probably the intersection of the VICUS CUPRIUS (q.v.)1
and another street that ran north-east, up and across the Carinae.
This compitum is mentioned twice. Near it was the Tigillum Sororium
(Hemerol. Arv. ad Kal. Oct. =CIL vi. 32482), and a shop that was bought
by the state for Archagathus, the first Greek physician who came to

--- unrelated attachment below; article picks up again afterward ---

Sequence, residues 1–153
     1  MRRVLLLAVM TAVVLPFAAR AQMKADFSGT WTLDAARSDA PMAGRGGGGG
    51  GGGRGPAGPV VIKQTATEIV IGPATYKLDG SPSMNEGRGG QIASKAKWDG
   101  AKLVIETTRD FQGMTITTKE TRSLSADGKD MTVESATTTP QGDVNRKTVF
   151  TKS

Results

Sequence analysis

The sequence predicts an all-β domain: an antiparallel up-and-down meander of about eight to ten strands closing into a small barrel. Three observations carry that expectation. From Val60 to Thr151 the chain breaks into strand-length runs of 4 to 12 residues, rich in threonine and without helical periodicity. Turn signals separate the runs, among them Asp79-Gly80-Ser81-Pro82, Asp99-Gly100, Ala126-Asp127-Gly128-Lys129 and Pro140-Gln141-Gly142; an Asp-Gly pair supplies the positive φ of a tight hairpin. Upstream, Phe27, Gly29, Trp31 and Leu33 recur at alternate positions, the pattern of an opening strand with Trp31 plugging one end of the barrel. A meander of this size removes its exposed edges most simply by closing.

Rome, in 229 B.C. (Plin. NH xxix. 12; cf. Mommsen, Munzwesen 632).
1 Two churches, S. Maria and S. Nicholas, which lay between these streets, were called
'inter duo ' or ' inter duas ' (HCh 340, 394).
A Topographical Dictionary of Ancient Rome. Samuel Ball Platner. Thomas Ashby. London: Humphrey Milford. Oxford University Press. 1929.
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